Kokako - New Zealand Bird

Progress for Possum Standards

The New Zealand Fur Council is committed to improving trapping practices and endorses the Agreement on International Humane Trapping Standards (AIHTS). They agree that unnecessary stress on trapped animals is unacceptable and wish to get global recognition for NZ’s fur trapping standards. With more courses, training and communication within the industry, these standards will be further ingrained into the culture of possum fur trapping. The brushtail possum, introduced to New Zealand in the 1800’s, is now a national pest, playing a huge part in endangering native plant and animal species. With pest numbers estimated at 30 million, it is necessary for conservation programs to keep numbers under control. It makes sense to utilise the resource that is possum fur by linking the culling of possums for conservation with the fur industry.  A strong relationship with the Department of Conservation (DOC) means the NZ fur industry can increase the amount of possums caught on DOC land, contributing to regeneration of native wildlife, and save the government’s money.

NZ Brushtail Possum eating an egg from a nest, image courtesy of ourauckland.aucklandcouncil.govt.nz/

Gaining global recognition for New Zealand’s fur industry practices is the next step for the growth of the industry. The New Zealand Fur Council  (NZFC) endorses the commitment to the Agreement on International Humane Trapping Standards (AIHTS). Hunters and trappers of brushtail possum fur must adhere to the laws of NZ’s Animal Welfare Act. This legislation has an overarching principle that animals should not be put through any unnecessary pain, suffering or distress. The most commonly used trap in brushtail fur recovery is the leg-hold trap. Under NZ’s Animal Welfare Act the size and placement of the traps are restricted and all leg hold traps must be non toothed.

The AIHTS was created to ensure welfare of trapped animals is consistent internationally. Testing was carried out to see that trapped animals were under the least amount of stress, and culled swiftly and efficiently. The agreement aims to continue to evaluate and evolve methods and practices, promoting best practice within the international fur trade community.

Native to New Zealand, the Kōkako bird is endangered in New Zealand due to mammalian invasive pests including the brushtail possum, image courtesy of wildbaserecovery.co.nz

Training programmes and initiatives are an important way to encourage conversation around the standards of fur recovery. Since 2011, New Zealand secondary school students in the Northland region have been able to learn possum fur trapping and recovery skills through “Project Possum”. 15-18 year old students learn a mixture of theory and practical skills, setting them up to understand and be a part of the industry. These skills could provide a lifelong career that allows trappers to work on their own schedule. Southland’s Peter Salter and his wife Justine own ‘The Bushman’s Centre’ based in Pukekura which includes a possum museum. Salter says “you spend enough time in the bush you start to think like a possum… Finding possums is easy if you know what to look for.” The couple prove that being a fur trapper isn’t just a career, it’s a lifestyle that allows them to explore and enjoy New Zealand’s unique forests.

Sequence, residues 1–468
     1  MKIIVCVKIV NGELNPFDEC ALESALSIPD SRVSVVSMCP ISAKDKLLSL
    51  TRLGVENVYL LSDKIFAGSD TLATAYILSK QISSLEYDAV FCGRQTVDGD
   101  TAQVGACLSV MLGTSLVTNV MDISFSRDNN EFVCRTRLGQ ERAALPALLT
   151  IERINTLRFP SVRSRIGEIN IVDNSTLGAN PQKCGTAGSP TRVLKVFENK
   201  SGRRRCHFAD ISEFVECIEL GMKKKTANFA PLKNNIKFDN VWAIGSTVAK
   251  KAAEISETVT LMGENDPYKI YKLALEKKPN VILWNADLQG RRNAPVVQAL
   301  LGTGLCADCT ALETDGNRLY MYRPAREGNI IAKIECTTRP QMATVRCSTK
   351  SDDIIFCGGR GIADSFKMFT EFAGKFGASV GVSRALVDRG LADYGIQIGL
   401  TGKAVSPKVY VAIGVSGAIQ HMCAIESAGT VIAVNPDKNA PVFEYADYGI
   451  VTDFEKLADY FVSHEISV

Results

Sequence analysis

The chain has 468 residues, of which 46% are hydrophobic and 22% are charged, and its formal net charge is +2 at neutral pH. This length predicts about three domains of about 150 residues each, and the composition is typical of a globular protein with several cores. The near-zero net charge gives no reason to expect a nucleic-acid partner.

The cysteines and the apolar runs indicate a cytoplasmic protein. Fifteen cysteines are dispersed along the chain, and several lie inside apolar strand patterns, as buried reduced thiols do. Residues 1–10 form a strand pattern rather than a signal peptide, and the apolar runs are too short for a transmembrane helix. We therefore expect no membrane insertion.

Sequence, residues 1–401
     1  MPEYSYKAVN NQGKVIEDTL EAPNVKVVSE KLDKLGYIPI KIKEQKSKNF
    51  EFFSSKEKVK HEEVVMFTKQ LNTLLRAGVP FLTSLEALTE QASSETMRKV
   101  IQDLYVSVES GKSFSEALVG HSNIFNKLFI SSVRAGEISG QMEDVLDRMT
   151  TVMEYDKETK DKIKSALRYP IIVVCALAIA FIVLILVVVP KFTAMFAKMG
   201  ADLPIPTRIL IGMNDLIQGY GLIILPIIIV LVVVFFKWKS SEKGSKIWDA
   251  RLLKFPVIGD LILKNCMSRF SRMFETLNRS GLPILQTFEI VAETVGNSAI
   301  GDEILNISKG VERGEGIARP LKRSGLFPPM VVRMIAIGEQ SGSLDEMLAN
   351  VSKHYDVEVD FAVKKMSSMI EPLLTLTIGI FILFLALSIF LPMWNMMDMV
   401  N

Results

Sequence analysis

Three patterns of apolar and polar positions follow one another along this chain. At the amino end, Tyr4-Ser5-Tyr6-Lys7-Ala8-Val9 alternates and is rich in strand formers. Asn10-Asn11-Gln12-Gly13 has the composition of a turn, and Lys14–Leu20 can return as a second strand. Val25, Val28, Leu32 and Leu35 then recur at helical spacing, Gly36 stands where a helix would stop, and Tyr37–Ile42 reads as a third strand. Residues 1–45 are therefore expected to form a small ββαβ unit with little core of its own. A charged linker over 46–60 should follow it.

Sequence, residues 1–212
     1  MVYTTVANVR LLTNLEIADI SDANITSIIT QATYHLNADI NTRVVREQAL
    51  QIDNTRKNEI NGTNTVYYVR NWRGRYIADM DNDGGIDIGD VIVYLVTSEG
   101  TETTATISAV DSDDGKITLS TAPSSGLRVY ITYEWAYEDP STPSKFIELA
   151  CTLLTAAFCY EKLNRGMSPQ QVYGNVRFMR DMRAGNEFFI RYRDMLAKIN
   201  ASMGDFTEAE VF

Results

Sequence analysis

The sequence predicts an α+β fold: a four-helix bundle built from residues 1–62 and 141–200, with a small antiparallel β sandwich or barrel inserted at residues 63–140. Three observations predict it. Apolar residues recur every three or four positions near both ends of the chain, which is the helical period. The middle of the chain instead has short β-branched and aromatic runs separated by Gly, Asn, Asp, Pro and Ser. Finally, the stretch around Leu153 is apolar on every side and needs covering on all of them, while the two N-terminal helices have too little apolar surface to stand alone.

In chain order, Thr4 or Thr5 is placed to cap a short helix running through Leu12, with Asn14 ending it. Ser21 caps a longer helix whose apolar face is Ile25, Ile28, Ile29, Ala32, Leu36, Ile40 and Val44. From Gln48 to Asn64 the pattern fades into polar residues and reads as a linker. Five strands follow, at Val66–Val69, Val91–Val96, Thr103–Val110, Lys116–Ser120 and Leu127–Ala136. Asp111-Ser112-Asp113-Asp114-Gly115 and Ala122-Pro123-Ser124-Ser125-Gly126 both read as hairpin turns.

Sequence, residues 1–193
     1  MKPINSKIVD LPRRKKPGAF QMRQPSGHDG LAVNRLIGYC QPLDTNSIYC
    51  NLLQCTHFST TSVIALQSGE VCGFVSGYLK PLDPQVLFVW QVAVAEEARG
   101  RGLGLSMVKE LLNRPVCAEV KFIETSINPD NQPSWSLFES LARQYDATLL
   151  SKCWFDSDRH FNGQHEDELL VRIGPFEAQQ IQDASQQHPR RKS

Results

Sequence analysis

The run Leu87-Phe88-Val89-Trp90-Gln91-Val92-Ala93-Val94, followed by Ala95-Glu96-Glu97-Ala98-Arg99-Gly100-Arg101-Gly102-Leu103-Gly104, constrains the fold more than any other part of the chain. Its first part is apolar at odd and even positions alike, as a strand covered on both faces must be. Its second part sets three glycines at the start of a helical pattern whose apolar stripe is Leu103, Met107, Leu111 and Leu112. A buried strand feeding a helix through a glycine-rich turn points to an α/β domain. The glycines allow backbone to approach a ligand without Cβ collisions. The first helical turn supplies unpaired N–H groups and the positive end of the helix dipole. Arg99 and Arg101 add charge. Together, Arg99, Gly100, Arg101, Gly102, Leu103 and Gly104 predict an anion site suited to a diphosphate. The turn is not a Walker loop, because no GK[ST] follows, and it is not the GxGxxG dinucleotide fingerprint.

Peter and Justine Salter from the Bushmans Centre in Pukekura, image courtesy of stuff.co.nz

With the expanding success of NZ’s possum fur industry, it makes sense to combine efforts with DOC to increase the contribution of possum control and conservation in New Zealand. The Memorandum of Understanding (MOU) signed by NZ’s Department of Conservation (DOC) and the New Zealand Fur Council is an opportunity to both lessen the possum numbers devastating the wildlife and contribute to local and national economies.  Chairman of NZFC, Neil Mackie says, “Many of the possums in our country are on public conservation land, so the MOU will allow trappers to access more fur, increase the market, and better target ecologically important areas.” DOC’s research shows that fur trappers keeping numbers low in the buffer zones of targeted pest control areas can delay re-population by 2-3 years. This can make a huge difference for the regeneration of endangered species.

Consumers want more information about where their products come from, which leads designers to need more from their suppliers. Gaining international recognition for the New Zealand Fur industry’s trapping standards is integral to presenting the brushtail possum products to the world.

Garments from Fendi’s Haute Fourrure fashion show for FW 16/17 at Rome’s Fontana di Trevi, image courtesy of fashionisers.com

Fashion powerhouses that influence the international fashion industry such as Fendi continue to celebrate the wonderful possibilities of fur in fashion. Creative Director of Fendi, Karl Lagerfeld showed his second Haute Fourrure show this month with an incredible display of intricately handmade pieces. Lagerfeld is famous for his use of fur saying, “For me, Fur is Fendi and Fendi is Fur”. The use of fur within yarns, developed by Woolyarns for the Perino by Woolyarns collections, is another innovative way designers can utilise the properties of such an incredible material.

Perino by Woolyarns

Possum trapping is a highly skilled profession requiring patience and precision. The committed trappers have a wealth of knowledge, using specific methods and venturing into the New Zealand wilderness to make their living. Possum fur is a hand harvested, specialty product that fits with the luxuriousness of international Haute Couture fashion houses. Gaining more recognition for NZ’s fur industry’s practices will encourage international trade, resulting in a higher need for the brushtail possum fur, opening up job opportunities and decreasing the number of possums devastating the unique forests of New Zealand.